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Honoring Black History: The Legacy of Step Forward’s First Executive Director, Ralph Findley

In honor of Black History Month, Step Forward celebrates the remarkable legacy of Ralph W. Findley, the agency's first executive director whose visionary leadership and commitment to community empowerment transformed countless lives in Cuyahoga County.

 

In 1964, President Lyndon B. Johnson signed the Economic Opportunity Act, laying the foundation for the establishment of Community Action agencies nationwide. These agencies aimed to address poverty at the grassroots level, implementing programs and services empowering families in health, education, and employment. In Cuyahoga County, what was then the Council for Economic Opportunities in Greater Cleveland (CEOGC) - now Step Forward - spearheaded this mission. Ralph W. Findley, a distinguished civic leader and trailblazer in Cleveland Black History, assumed the role as the agency’s inaugural executive director.

 

Before stepping into his role as CEOGC’s executive director, Findley was paved with a deep commitment to civic duty and community service. A Cleveland native, Findley completed his primary education in the Cleveland school system, graduating from Central High School. He continued his academic journey at Ohio State University where Findley's dedication to civic duty became evident as he served on the Executive Committee of the Interracial Council and joined the Alpha Phi Alpha Fraternity, Inc., foreshadowing his enduring passion for community service. Despite earning a bachelor's degree in premedical studies, Findley chose a career path different from medicine. Nonetheless, his professional pursuits would eventually lead him to make a significant impact by helping thousands of families throughout his career.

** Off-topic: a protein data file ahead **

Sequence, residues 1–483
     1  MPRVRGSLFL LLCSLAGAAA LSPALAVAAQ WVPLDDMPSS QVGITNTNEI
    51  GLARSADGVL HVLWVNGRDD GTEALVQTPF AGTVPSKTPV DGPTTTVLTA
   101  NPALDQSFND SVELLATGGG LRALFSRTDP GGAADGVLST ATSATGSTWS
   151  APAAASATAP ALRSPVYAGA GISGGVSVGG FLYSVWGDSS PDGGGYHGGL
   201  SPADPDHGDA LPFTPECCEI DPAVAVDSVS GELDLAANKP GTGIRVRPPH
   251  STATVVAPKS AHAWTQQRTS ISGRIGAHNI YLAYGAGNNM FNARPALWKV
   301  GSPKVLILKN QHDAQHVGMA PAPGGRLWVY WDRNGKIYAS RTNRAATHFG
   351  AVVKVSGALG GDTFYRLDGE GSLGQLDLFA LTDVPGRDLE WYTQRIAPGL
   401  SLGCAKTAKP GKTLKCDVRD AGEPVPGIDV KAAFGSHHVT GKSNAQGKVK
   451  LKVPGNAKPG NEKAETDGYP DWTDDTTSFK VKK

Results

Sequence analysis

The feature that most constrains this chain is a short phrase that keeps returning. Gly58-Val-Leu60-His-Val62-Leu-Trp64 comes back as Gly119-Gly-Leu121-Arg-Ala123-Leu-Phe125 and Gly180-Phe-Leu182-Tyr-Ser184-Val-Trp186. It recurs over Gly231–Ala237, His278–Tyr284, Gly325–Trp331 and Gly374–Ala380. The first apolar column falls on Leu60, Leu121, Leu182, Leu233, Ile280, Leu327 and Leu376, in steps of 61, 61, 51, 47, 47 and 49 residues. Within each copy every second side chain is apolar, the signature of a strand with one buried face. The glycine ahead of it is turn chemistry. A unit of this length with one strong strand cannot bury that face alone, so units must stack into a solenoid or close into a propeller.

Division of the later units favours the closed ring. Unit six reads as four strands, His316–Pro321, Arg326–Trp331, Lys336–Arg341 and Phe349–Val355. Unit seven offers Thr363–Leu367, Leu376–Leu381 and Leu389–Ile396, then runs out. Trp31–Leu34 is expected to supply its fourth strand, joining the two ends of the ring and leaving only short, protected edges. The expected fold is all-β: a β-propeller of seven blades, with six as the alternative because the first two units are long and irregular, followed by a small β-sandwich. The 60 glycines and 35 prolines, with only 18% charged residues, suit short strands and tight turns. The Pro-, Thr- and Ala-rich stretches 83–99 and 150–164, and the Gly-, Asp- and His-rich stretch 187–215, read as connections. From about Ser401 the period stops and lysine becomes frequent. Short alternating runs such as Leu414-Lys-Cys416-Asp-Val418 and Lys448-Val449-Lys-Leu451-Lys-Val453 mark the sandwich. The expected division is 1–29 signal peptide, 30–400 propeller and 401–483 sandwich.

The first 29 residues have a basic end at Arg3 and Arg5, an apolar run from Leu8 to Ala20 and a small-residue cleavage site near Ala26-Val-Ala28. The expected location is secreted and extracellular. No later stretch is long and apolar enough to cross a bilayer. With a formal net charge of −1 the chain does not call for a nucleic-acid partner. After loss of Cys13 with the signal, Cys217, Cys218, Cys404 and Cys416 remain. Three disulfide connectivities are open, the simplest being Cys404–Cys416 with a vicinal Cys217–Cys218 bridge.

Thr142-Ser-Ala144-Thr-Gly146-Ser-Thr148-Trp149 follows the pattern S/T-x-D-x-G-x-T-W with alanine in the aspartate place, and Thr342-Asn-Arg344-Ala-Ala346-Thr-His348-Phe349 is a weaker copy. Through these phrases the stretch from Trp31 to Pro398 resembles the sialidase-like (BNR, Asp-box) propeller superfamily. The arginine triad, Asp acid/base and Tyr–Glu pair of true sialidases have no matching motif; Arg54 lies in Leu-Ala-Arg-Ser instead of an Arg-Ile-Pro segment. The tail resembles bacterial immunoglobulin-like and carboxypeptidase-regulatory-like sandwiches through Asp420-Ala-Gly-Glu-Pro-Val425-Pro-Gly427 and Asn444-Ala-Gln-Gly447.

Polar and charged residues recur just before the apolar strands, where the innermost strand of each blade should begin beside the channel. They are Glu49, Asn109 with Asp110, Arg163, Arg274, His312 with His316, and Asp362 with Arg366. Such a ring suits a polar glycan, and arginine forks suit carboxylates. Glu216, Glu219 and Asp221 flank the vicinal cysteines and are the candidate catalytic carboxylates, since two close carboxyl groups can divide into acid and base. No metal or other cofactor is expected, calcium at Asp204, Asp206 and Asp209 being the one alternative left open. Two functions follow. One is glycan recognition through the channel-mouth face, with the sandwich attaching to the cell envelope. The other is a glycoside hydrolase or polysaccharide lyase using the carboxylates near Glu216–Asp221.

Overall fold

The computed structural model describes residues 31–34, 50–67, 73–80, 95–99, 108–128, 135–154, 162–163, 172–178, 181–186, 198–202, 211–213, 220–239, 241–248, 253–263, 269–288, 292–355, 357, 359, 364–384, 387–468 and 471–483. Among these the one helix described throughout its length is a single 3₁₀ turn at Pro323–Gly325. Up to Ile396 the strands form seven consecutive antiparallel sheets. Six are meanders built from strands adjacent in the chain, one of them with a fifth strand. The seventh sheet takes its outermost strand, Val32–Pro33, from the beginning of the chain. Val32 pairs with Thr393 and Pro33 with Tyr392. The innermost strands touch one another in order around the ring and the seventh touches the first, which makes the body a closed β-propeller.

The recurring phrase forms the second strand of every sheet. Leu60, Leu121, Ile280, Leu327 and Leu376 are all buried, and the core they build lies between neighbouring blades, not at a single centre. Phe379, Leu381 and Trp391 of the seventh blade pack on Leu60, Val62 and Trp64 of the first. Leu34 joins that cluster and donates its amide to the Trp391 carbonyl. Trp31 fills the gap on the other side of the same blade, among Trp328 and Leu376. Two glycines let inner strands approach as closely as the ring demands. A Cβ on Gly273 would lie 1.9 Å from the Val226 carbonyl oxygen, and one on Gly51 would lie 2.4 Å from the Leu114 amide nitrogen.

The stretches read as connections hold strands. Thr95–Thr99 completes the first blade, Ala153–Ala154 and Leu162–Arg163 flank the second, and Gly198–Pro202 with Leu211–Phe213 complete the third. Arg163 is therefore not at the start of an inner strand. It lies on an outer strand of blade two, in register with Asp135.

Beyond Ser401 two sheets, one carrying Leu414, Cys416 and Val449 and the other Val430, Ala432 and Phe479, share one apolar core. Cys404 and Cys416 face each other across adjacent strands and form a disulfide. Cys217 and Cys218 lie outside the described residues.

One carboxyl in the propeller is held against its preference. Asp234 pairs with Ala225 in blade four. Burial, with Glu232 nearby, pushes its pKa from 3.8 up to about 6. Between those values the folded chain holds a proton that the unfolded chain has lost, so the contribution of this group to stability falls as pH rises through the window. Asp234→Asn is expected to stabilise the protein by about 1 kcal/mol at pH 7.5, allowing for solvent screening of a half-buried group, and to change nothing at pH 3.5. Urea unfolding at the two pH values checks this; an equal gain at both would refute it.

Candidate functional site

After graduation, Findley embarked on a career in insurance that took him as far as Washington D.C. Eventually, though, his path led him back to Cleveland.

 

One of Findley’s most recognizable contributions to Cleveland's history was his 11-year tenure on the Cleveland Board of Education, becoming its first African American member. There, Findley advocated for fair pay for teachers, improved facilities, high education standards, and programs benefiting disadvantaged students. In 1960, he made history again by becoming the first African American elected as Board President.

 

Findley's involvement with the Cleveland Board of Education wasn't his final mark on history. In the 1960s, Mayor Anthony J. Celebreeze appointed Findley Welfare Commissioner, the first African American to hold the position. During the following administration, under Mayor Ralph Locher, Findley was appointed Cleveland’s Health and Welfare Director, the first African American to hold a city cabinet position.